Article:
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What should be done about offshore tax havens?

Governments around the world are investigating possible wrongdoing by politicians, billionaires and other powerful people after a huge leak of documents from a Panamanian law firm that specializes in setting up offshore companies. What should be done about offshore tax havens?

Panama Papers reveal offshore financial dealings of world's rich and famous

Should governments take action against jurisdictions and institutions that peddle offshore secrecy? (Kacper Pempel/Reuters illustration)

Governments around the world are investigating possible wrongdoing by politicians, billionaires and other powerful people after a huge leak of documents from a Panamanian law firm that specializes in setting up offshore companies.

There's nothing illegal about such structures, nor should society want to make them so, says Allison Christians, a law professor and the Stikeman chair in tax law at McGill University in Montreal.

"We wouldn't want to have laws like that," she said in an interview with CBC's The Exchange on Monday. "You want to be able to have international businesses and be a part of the global community."

But economist and author Gabriel Zucman said the findings "show how deeply ingrained harmful practices and criminality are in the offshore world." Zucman said the release of the leaked documents should prompt governments to seek "concrete sanctions" against jurisdictions and institutions that peddle offshore secrecy.

What should be done about offshore tax havens?

Readers let us know in the latest CBC Forum — a live, hosted discussion about topics of national interest.

(Please note that user names are not necessarily the names of commenters. Some comments have been altered to correct spelling and to conform to CBC style. Click on the user name to see the full comment in the blog format.)

"I expect the new federal government (Trudeau Liberals) to demonstrate tough action: tougher laws; a hard line on no deal-making; and litigate and impose crushing penalties. Demonstrate they are protecting the middle class and those seeking to join it." — Stephen Glass

"Simplify tax laws and make it that any income earned in Canada is taxed as a Canadian company or Canadian citizen. Breaking tax laws should also have harsh punishments. It is laughable that you get a 'deal' if you get caught, and part of getting caught requires lengthy legal battles that just soak up our resources just to show they are guilty." — Bob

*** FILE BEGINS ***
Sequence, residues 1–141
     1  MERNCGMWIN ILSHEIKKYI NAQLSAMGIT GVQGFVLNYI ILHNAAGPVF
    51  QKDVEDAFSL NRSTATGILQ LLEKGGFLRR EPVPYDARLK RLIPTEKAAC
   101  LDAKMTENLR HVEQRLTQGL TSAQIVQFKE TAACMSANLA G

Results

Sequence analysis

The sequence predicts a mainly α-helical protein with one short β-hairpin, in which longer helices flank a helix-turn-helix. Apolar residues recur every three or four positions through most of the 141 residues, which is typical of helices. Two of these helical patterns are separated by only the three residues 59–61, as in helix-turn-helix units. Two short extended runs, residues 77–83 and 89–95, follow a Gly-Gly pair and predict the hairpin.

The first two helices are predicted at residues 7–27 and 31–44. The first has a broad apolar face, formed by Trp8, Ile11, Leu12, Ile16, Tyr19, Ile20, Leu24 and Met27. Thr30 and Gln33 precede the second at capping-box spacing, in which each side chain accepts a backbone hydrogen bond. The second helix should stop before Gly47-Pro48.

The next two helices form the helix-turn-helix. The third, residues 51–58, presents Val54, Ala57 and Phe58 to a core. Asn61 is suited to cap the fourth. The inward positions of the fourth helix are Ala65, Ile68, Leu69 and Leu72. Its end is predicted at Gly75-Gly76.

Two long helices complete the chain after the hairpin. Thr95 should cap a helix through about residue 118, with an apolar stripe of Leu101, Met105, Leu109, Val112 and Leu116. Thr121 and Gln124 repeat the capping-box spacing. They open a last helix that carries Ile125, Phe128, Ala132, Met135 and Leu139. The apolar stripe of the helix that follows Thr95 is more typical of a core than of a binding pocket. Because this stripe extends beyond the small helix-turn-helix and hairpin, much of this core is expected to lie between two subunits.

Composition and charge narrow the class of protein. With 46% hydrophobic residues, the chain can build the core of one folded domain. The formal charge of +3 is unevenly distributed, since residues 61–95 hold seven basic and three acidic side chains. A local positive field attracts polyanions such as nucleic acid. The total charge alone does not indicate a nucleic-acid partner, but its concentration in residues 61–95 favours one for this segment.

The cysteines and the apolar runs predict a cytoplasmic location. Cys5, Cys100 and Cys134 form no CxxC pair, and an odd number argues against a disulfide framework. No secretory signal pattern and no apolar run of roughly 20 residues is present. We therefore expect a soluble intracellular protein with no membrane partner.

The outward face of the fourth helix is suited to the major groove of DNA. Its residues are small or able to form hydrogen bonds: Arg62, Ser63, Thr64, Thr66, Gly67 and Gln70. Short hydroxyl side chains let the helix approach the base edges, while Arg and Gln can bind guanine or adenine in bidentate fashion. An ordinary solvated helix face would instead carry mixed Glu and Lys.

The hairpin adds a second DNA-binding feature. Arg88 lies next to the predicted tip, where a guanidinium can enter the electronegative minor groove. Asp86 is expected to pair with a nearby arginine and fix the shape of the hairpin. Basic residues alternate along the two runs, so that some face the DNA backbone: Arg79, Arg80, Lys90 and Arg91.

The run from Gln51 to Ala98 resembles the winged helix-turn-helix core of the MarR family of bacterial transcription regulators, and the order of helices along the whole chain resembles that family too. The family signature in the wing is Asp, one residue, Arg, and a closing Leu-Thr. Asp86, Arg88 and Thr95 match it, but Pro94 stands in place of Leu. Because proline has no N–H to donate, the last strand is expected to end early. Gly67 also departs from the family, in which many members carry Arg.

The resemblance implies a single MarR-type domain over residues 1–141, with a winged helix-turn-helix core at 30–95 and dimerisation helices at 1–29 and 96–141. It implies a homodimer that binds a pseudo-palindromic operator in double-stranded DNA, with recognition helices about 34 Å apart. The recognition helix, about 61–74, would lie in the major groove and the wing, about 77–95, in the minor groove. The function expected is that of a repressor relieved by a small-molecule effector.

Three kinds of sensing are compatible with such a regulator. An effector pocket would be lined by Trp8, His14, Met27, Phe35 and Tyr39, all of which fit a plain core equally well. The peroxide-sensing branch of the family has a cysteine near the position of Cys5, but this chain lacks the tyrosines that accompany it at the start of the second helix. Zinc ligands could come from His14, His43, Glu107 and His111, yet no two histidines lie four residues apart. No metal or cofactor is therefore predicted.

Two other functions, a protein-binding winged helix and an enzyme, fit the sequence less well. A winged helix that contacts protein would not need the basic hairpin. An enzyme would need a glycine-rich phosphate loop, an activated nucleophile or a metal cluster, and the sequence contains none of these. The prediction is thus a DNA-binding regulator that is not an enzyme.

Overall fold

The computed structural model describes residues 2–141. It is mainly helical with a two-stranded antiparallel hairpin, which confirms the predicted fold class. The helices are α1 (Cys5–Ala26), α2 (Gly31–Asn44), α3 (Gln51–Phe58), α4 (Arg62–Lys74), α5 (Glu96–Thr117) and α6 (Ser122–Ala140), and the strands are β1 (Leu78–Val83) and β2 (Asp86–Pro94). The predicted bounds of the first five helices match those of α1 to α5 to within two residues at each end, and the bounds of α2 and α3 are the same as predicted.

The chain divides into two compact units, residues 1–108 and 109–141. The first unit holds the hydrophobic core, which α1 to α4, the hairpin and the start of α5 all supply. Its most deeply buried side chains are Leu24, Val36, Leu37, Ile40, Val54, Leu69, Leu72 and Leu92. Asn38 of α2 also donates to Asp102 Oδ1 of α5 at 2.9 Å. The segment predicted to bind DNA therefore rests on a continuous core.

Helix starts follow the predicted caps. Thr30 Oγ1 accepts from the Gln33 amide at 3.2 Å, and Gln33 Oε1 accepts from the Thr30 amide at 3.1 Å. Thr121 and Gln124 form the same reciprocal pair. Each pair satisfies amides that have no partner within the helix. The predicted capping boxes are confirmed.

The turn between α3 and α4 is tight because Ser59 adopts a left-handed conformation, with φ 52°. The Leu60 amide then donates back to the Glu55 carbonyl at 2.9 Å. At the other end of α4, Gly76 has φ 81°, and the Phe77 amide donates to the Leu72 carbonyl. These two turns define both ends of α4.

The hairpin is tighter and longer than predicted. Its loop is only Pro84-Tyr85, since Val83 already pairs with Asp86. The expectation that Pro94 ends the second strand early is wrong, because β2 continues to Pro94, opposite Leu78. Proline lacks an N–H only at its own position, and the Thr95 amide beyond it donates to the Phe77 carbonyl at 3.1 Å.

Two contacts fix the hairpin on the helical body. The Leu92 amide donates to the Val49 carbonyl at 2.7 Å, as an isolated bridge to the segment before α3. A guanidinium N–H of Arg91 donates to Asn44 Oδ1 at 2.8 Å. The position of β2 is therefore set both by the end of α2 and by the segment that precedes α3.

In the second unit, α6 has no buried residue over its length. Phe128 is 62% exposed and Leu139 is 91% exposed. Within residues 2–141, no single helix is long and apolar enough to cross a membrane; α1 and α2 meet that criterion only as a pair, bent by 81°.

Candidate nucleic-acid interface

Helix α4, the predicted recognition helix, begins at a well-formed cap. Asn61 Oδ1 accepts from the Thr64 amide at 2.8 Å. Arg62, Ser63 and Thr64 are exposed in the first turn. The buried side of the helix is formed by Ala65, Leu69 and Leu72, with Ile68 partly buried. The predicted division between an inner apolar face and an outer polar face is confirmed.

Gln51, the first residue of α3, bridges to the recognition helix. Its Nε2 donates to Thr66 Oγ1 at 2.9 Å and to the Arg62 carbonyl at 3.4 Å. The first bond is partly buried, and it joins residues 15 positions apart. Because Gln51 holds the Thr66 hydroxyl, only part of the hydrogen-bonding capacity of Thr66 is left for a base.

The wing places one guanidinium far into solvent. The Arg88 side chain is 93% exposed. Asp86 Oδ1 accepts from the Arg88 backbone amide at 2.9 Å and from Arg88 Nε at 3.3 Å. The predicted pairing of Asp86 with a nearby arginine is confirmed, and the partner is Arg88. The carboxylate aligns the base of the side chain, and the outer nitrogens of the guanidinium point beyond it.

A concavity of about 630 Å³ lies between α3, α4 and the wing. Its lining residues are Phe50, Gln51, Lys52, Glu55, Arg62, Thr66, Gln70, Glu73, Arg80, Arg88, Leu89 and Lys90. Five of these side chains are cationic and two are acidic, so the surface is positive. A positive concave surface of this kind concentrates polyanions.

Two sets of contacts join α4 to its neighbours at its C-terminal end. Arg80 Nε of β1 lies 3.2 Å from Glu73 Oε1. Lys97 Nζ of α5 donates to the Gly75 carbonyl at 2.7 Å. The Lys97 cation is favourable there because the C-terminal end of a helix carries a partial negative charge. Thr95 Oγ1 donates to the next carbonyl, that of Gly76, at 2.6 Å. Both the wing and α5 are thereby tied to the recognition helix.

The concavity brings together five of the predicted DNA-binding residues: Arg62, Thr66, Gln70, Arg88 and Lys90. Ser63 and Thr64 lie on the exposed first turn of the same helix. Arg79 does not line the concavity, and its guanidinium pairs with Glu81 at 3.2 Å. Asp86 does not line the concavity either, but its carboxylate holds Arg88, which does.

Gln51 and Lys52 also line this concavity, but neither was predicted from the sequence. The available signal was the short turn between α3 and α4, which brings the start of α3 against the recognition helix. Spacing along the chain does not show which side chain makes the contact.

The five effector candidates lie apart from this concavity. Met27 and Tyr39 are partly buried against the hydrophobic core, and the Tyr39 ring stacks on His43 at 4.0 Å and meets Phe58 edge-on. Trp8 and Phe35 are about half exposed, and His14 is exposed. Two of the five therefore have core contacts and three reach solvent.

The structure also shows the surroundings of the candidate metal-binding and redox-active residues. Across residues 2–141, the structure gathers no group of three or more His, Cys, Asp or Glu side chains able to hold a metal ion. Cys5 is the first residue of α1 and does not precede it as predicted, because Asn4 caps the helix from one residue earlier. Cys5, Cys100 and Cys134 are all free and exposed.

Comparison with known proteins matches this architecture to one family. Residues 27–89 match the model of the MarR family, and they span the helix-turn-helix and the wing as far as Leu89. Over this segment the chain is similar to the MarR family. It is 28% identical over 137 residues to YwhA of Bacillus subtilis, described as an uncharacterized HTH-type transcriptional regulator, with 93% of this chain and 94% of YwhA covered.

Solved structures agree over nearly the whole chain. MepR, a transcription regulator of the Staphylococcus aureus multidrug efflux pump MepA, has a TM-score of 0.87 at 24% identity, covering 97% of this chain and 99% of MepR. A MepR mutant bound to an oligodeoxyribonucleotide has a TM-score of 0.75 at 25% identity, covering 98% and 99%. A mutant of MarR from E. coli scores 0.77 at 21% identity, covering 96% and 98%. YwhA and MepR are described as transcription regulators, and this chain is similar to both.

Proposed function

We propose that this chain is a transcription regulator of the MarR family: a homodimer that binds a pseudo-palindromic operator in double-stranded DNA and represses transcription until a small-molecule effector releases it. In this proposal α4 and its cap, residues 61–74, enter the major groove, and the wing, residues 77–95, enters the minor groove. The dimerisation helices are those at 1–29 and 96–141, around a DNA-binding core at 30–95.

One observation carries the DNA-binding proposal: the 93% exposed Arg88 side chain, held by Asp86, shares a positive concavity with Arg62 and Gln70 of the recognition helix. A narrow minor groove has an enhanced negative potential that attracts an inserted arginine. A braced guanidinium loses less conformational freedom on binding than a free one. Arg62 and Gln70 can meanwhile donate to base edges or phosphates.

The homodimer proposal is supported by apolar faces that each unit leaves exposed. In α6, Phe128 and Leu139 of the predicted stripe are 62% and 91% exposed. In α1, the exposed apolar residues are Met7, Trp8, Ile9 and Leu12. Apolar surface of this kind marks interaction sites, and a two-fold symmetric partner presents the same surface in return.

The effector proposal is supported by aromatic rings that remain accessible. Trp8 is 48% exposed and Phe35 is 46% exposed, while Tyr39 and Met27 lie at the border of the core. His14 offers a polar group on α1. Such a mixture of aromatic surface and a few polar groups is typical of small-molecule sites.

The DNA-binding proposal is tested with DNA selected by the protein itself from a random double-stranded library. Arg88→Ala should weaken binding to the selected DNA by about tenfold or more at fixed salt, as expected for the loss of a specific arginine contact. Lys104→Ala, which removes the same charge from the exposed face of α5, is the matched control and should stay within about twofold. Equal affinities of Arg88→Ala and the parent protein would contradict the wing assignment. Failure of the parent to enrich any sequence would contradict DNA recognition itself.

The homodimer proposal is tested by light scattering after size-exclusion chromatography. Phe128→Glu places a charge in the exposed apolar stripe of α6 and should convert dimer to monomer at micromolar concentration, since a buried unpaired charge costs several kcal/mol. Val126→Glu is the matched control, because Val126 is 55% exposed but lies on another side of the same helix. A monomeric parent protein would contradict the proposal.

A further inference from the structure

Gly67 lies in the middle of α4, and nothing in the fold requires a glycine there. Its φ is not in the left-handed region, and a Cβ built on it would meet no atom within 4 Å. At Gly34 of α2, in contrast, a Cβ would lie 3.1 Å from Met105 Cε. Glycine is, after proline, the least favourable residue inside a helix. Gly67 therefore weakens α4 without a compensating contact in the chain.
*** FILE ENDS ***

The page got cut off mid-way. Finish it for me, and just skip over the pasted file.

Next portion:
"The setting up of a tax haven may not be illegal, but it does provide a way for certain individuals without a social conscience to avoid paying legitimate taxes. The responsibility for paying into government coffers then falls squarely on the shoulders of those individuals and businesses who do not try to avoid their obligations. It may not always be illegal but it is always immoral and unethical." — RayM

"There are already long-standing laws against tax evasion.… There are increasing amounts of enforcement under new international agreements, and apparently these documents also show a sharp drop in business in the last few years. Also, anyone foolish enough to still attempt evasion now has to deal with a disgruntled employee walking off with all the documents on a hard drive. The days of offshore companies being used for tax evasion are coming to an end." — Steve_7

"Begin the process of making Canada a tax haven. There is and always will be loopholes in any system. Have the loopholes point towards Canada." — K Louis

"You could have more favourable tax laws in place so people and companies would invest here instead of offshore. But that would require a shift in mentality in Canada on the left that I just don't think is possible. Too many people and politicians see that kind of thing as 'pandering to corporations' instead of seeing it as a way to keep money, jobs and a more diversified economy here in Canada." — off the post

"I do not think we should penalize external jurisdictions for having lower taxes. It is their choice and we made ours. As for our own citizens, as long as what they are doing is lawful they should be left alone." — Tomasz Rakowski

"Offshore centres provide a legitimate means to compete on one hand and illegitimate means to evade taxes on the other. There are good offshore centres with very high standards and there are shady ones. Like any system it can be taken advantage of positively and negatively. Those who have broken the laws should be punished. Those who abide by the law should be allowed to continue to compete." — Canuck 1

You can read the complete discussion below.

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With files from Reuters

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